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The Democratic Strategist

Political Strategy for a Permanent Democratic Majority

Prodigal Sons

Jonathan Cohn has just published a long piece for The New Republic on the influence of the late George Romney, governor of Michigan, member of the Nixon Cabinet, and occasional candidate for the presidency, on his son, Willard Mitt Romney, candidate for president in 2008.
It’s an excellent profile, of interest particularly to those with no personal memory of Romney pere, who, as Cohn emphasizes, was one of the leaders of moderate Republican resistance to the first, Goldwater phase of the conservative movement’s takeover of the GOP. (One tidbit not mentioned in the piece was Romney’s role in the next, aborted phase of that takeover: he was the object of an unsuccessful revolt against Spiro Angnew’s nomination as vice president at the 1968 Republican Convention, led by then-governor John Chafee, who was distrurbed by Spiggy’s inflammatory racial rhetoric. Lest we forget, Agnew briefly eclipsed Ronald Reagan as the darling of the Right in the early 1970s, before a bribery scandal drove him from office).
While Cohn carefully documents Mitt Romney’s very recent makeover as a paragon of Republican conservatism, he does not note the obvious parallels to another son of a prominent Republican politician: George W. Bush. Just like Mitt, W. had to overcome conservative mistrust of his old man in order to become the presidential nominee, a process that reached its apogee in the famous 1998 Robert Novak column which dubbed him the “ideological heir of Ronald Reagan” despite his biological link to G.H.W. Bush.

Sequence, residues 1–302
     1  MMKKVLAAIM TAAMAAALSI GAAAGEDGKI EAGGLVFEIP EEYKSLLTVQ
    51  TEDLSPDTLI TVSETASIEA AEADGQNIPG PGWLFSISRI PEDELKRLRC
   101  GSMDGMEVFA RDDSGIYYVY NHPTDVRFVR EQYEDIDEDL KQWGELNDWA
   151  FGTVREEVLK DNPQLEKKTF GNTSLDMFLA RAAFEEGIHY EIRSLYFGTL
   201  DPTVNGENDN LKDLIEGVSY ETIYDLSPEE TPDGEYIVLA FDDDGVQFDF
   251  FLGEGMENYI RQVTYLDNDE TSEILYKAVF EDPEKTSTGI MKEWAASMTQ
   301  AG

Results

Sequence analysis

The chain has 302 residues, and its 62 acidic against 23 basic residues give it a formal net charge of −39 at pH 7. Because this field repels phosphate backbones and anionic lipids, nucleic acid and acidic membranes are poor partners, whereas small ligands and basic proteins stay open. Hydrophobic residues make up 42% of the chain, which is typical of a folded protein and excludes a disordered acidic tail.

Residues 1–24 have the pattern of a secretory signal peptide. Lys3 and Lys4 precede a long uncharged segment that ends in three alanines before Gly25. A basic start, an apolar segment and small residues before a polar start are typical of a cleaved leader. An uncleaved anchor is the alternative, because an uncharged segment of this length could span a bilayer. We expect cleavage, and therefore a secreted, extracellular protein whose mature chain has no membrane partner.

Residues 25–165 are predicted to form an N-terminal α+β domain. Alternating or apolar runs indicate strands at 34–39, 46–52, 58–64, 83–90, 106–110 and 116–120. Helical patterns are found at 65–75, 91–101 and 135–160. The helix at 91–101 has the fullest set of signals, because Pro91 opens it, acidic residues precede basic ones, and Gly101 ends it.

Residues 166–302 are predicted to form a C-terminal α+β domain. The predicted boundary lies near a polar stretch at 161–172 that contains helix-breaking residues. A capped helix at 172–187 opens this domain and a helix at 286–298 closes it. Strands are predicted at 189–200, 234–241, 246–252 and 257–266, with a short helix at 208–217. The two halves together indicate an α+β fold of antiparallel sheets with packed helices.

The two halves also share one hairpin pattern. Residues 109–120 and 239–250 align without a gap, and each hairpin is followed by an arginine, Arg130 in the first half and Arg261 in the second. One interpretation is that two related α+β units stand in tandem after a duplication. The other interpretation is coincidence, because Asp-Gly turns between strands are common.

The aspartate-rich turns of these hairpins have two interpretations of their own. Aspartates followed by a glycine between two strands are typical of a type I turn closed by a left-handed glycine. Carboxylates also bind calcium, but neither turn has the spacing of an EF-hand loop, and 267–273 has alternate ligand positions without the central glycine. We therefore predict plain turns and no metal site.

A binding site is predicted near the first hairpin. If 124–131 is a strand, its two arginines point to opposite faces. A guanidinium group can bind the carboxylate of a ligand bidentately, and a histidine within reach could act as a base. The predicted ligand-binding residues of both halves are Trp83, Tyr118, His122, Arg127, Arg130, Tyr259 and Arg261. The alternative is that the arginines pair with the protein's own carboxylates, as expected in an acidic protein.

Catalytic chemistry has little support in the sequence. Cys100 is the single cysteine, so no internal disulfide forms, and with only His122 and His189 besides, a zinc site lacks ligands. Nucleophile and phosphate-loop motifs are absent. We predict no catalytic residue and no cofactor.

It’s true, of course, that George Romney’s legacy is not remotely as large a blessing or curse for Mitt as Bush 41 represented for Bush 43. Many Reagan- and post-Reagan Republicans have probably never heard of the man. And even relatively well-informed observers may only remember him for his disastrous remark on the 1968 presidential campaign trail that his earler support for the Vietnam War was the result of his “brainwashing” by military briefers (which led to the devastating quip by Gene McCarthy, playing on Romney’s reputation as intellectually unformidable, that “I’d think a light rinse would have sufficed”).
Still, you have to remember that most conservative activists and opinion-leaders are deeply, deeply invested in the idea that W.’s many problems are attributable to a lack of fidelity to The True Cause. In other words, they think they were “had” by Bush and his flacks in the runup to the 2000 elections. Given Mitt’s far more ideologically heterodox record in Massachusetts, and his very recent “conversion,” the Bush experience is certain to weigh on conservatives as they try to decide between Romney and, say, Fred Thompson. And profiles like Cohn’s, which stress Mitt’s moderate birthright and nonpartisan habits as governor, will help fan conservative fears that blood is thicker than ideology.

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